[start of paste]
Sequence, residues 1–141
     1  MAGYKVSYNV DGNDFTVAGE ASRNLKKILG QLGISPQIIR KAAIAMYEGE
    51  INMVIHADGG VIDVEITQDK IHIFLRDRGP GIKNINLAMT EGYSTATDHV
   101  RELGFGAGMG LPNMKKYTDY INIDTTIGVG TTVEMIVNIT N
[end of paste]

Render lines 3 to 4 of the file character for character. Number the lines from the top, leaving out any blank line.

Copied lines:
    51  INMVIHADGG VIDVEITQDK IHIFLRDRGP GIKNINLAMT EGYSTATDHV
   101  RELGFGAGMG LPNMKKYTDY INIDTTIGVG TTVEMIVNIT N